Whenever the U.S. Supreme Court sets aside a punitive damages award on constitutional grounds, I suppose it must be seen as a victory for business. Still, while the Court’s 5-4 ruling today in Philip Morris v. Williams definitely qualifies–the Court set aside a $79.5 million punitive damage award that an Oregon state jury had tried to award the widow of one individual smoker–it’s a narrow ruling and, frankly, a confusing one.
First, and importantly, here’s what the ruling is not. It’s not a strengthening or even broad reaffirmation of the principle, articulated by the Court in 2003 (in State Farm v. Campbell), that punitive damages awards should generally be no more than nine times the amount awarded in compensatory damages. In this case, plaintiff Mayola Williams, was suing for the death of her husband, Jesse, who started smoking in 1950 and died of lung cancer in 1997. The jury awarded $821,000 in compensatory damages (of which $21,000 were economic and $800,000 noneconomic). So the punitive award here was almost 100 times the compensatory award. Nevertheless, none of the five majority justices reached the question of whether the award was excessive for that reason alone, and all four of the dissenters seemed comfortable ruling that it wasn’t, because of the egregiousness of the company’s wrongdoing–deceitfulness about the health hazards of smoking–presented at trial.
Instead, the majority, in an opinion by Justice Stephen Breyer, struck down the punitive damages award on the grounds that the Oregon courts may have improperly allowed the jury to base its award on its desire to punish Philip Morris for harming “persons who are not before the court”–i.e., thousands of other Oregonian smokers–and not just the plaintiff’s husband, Jesse Williams. Such an award for alleged harm to nonparties would unconstitutionally take Philip Morris’s property without due process, Breyer wrote.
What makes the ruling confusing, though, is that the majority conceded–as did even Philip Morris!–that it was perfectly proper for the Oregon jury to take into account harm the company caused to people who were not before the court in the course of gauging the “reprehensibility” of Philip Morris’s conduct, which is a proper factor to consider when setting a punitive damages award. So on the one hand a jury violates a defendant’s due process rights if it inflicts punishment for harm caused to nonparties, but on the other it can properly take into account “that conduct that risks harm to many is likely more reprehensible than conduct that risks harm to only a few.”
Get the difference? Neither do I. And neither did the dissenters. “This nuance eludes me,” wrote Justice John Paul Stevens, while Justice Ruth Bader Ginsburg, writing for the three other dissenters, said the distinction “slips from my grasp.”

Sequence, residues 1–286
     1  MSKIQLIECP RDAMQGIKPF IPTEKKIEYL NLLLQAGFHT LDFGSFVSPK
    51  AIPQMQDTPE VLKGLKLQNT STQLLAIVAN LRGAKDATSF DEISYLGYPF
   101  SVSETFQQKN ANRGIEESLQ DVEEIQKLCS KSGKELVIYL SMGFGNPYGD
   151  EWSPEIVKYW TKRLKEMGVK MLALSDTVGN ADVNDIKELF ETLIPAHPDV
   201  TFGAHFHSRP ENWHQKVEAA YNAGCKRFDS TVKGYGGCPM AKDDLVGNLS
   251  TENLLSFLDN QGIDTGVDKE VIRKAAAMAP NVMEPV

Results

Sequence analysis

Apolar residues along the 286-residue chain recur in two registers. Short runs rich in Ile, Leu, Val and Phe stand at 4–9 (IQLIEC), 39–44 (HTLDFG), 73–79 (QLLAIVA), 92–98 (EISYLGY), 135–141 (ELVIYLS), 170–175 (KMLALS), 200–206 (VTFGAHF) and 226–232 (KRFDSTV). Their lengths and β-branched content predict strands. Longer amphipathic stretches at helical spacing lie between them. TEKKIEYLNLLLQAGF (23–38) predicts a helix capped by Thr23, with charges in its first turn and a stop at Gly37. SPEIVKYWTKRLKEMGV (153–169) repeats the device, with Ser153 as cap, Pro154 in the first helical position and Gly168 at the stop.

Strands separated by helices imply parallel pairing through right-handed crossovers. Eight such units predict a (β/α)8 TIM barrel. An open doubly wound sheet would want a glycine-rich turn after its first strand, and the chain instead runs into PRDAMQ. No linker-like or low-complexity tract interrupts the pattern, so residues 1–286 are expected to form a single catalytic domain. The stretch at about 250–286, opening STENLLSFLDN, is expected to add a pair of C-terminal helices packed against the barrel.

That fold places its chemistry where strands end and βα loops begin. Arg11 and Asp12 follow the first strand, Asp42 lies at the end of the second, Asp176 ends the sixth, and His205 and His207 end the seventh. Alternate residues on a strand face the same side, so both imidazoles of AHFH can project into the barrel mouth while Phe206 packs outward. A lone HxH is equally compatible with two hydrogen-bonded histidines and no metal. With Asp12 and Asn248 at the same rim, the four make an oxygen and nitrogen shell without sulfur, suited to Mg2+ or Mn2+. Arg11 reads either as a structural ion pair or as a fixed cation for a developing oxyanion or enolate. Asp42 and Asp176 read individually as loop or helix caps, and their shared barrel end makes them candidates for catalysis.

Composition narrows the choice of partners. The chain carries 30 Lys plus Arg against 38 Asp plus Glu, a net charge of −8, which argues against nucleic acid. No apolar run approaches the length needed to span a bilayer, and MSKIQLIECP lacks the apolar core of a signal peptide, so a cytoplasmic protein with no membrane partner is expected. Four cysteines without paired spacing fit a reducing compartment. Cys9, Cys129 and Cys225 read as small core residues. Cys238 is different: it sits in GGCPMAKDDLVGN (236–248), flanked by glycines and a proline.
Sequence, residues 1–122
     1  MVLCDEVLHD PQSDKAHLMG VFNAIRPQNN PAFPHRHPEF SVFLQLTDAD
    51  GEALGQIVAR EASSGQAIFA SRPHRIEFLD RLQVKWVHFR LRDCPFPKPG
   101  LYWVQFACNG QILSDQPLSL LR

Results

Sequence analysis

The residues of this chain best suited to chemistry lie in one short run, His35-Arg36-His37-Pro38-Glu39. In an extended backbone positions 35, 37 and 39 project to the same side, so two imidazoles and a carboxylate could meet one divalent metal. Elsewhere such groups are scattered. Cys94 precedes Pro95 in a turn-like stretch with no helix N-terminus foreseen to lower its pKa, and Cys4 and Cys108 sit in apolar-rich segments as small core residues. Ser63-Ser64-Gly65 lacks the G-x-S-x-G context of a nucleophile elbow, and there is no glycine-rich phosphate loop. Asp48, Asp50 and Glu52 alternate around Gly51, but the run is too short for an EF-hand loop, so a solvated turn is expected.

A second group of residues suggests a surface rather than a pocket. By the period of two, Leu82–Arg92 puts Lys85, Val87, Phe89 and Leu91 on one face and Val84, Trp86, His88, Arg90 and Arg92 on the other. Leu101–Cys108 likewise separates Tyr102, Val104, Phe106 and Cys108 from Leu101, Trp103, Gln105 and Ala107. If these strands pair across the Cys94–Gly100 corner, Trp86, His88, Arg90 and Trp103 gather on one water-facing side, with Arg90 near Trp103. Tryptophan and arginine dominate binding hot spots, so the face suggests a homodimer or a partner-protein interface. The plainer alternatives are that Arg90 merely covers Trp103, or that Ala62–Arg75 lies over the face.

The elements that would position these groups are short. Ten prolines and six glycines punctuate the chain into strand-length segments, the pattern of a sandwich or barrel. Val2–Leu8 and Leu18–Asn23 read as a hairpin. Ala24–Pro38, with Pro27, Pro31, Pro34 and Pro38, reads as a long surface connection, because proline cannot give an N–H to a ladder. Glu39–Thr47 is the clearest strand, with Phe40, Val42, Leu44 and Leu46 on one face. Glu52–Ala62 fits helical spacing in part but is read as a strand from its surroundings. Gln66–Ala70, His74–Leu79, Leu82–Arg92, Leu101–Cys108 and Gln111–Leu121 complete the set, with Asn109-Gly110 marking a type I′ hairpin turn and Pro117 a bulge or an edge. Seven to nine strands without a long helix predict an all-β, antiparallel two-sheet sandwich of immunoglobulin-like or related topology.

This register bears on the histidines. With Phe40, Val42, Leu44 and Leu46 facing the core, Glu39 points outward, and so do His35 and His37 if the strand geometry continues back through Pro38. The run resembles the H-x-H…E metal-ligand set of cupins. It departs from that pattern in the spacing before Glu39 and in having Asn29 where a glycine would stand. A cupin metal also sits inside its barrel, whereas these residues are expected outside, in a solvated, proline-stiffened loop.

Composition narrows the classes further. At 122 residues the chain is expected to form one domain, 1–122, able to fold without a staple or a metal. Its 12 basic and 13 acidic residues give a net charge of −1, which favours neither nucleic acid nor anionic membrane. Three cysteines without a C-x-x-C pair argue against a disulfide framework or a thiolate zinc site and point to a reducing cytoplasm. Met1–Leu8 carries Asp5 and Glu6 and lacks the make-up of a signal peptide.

The ruling sends the case back to the Oregon Supreme Court to determine what to do next, though Breyer’s implication was that it should order a new trial on punitive damages, at which a new jury would be read a puzzling instruction embodying today’s elusive holding.
One thing the ruling clearly does, however, is provide further proof that politically conservative justices are not necessarily pro-business justices. Today’s weird split had Justices John Roberts, Samuel Alito, Anthony Kennedy, and David Souter joining Breyer in the majority, while Justices Clarence Thomas, Antonin Scalia, Stevens, and Ginsburg were all in dissent.
In fact, what might be the ruling’s best news for the business community is that both of the newest justices–Chief Justice Roberts and Justice Alito–voted in the majority, for striking down the award. Since Justice Sandra Day O’Connor had been a strong advocate in favor of reining in punitive awards, there had been considerable interest in how the new Justices would come down on that question.
I had put calls into a few experts, but so far only one has been able to read the ruling and get back to me. Michael Lyle, the co-head of Weil Gotshal & Manges’s product liability and mass torts practice group, appears to see the ruling as a more unambiguous victory for business defendants than I had. (Weil Gotshal also worked on an amicus brief for the Washington Legal Foundation, a conservative, pro-business group.) “This is an important confirmation of the Supreme Court’s jurisprudence as it seeks to limit punitive damages,” says Lyle. He sees the “reprehensibility” half of the ruling–the part that does let juries look at harm to nonparties–as relevant mainly to determining whether “this is the kind of conduct we want to punish. Does it pose grave risk? But in terms of the dollar amount of the award,” he says, “you’re limited to looking at particulars before the court: this case; this conduct; this plaintiff; this defendant.”